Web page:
Cortex Changes in Real/Imagined Movements in Amyotrophic Lateral Sclerosis (ALS)
Recruitment status was Recruiting
The purpose of this study is to track areas of the brain, via functional magnetic resonance imaging (fMRI), that retain structural and functional integrity throughout the lifespan of people with amyotrophic lateral sclerosis (ALS), also known as Lou Gehrig's disease.
Amyotrophic Lateral Sclerosis
|Study Design:||Observational Model: Case Control|
|Official Title:||Tracking Brain Changes During Real and Imagined Movements in People With ALS (Lou Gehrig's Disease) and Healthy Volunteers.|
- cortical activation patterns [ Time Frame: Yearly ] [ Designated as safety issue: No ]
|Study Start Date:||May 2008|
|Estimated Study Completion Date:||May 2011|
|Estimated Primary Completion Date:||May 2011 (Final data collection date for primary outcome measure)|
ALS group should have ALS.
The control group should not have ALS or any other neurological/psychiatric disorder, and must be over the age of 40.
A severe physical disability has a dramatic impact on a person's life, whether it is caused by a neuro-degenerative disease such as amyotrophic lateral sclerosis (ALS), a brainstem stroke, or a spinal cord injury. Someone with these conditions may be effectively "locked-in," retaining their cognitive ability, but unable to perform any movement except, possibly, the most basic eye movements.
Areas of the brain that retain structural and functional integrity throughout the lifespan of people with ALS may be suitable for a technology called brain-computer interfaces (BCI). One day, BCIs—which can be operated "just by thinking"—may allow people with neurological disorders, such as ALS, to communicate and regain some mobility with the assistance of electronic devices.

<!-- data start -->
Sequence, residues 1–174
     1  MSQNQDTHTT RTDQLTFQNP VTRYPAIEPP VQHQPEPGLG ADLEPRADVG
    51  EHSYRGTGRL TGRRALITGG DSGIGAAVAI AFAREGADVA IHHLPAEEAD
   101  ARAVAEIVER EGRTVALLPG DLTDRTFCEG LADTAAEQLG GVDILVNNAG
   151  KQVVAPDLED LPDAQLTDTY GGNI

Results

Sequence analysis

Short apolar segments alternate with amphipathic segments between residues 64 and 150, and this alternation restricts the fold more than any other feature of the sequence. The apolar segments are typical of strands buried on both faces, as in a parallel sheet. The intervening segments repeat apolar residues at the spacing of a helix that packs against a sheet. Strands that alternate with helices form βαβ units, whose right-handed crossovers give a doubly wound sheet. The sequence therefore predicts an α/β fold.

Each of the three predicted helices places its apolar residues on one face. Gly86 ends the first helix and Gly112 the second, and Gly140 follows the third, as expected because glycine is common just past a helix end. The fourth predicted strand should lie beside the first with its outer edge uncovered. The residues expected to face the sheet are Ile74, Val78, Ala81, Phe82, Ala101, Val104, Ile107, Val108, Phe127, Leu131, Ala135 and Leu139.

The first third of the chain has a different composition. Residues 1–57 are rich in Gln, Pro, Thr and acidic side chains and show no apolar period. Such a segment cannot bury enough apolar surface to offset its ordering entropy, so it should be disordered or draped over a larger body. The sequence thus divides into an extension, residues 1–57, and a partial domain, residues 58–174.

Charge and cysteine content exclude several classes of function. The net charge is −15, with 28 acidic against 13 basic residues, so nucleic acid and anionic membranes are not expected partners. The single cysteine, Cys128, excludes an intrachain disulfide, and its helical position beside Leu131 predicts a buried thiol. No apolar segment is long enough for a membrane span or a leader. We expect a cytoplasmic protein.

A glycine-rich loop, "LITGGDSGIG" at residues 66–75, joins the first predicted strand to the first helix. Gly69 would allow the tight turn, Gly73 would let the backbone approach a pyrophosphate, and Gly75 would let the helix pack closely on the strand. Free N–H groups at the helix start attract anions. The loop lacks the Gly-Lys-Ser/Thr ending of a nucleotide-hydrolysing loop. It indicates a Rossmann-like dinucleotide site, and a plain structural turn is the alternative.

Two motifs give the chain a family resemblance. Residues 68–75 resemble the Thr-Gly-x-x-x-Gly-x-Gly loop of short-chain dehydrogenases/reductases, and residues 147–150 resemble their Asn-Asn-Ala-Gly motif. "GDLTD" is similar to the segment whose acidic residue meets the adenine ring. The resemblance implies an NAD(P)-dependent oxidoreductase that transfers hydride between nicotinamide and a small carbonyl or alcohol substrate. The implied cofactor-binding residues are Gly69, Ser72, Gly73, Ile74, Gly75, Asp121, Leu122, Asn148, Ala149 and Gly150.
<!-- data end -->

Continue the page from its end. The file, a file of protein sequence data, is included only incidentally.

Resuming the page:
In this study we will use functional magnetic resonance imaging (fMRI) to track areas of the brain that retain structural and functional integrity throughout the lifespan of people with ALS.
The trial involves visits to the study facility every 2-6 months for up to 30 months or until visits are no longer possible. During each visit, participants will undergo a fMRI exam. During that time they will view visual images and be asked to perform 4 different motor tasks: 1) actual finger tapping, 2) actual fist clenching, 3) imaginary finger tapping, and 4) imaginary fist clenching. Each of the mini-experiments (tasks) lasts for about 6-7 minutes. While the participants are performing the tasks their brains will be repeatedly imaged using fMRI. We will then use the images to look for correlations to the tasks, which in turn will result in identifying the brain areas responsible for the activities. After the fMRI, participants will be asked to fill out questionnaires. Performing the tasks takes about 90 minutes and filling out the questionnaires takes about 30 minutes.
The facility is located on the North Campus of the University of Michigan-Ann Arbor. The study coordinators currently are enrolling participants with ALS and creating a database of healthy volunteers whom they will contact at a later date.
Information gained from this study will contribute to a better understanding of ALS disease progression, and could lead to significant quality-of-life improvements for persons with end-stage ALS.
Please refer to this study by its ClinicalTrials.gov identifier: NCT00809224
|Contact: Nick Rademacher, BSfirstname.lastname@example.org|
|Contact: Saugy Chakraborty, MSemail@example.com|
|United States, Michigan|
|University of Michigan, Functional MRI Laboratory||Recruiting|
|Ann Arbor, Michigan, United States, 48109|
|Contact: Nick Rademacher 734-615-7086 firstname.lastname@example.org|
|Principal Investigator: Robert Welsh, PhD|
|Principal Investigator:||Robert Welsh, PhD||Research Assistant Professor, University of Michigan Department of Radiology|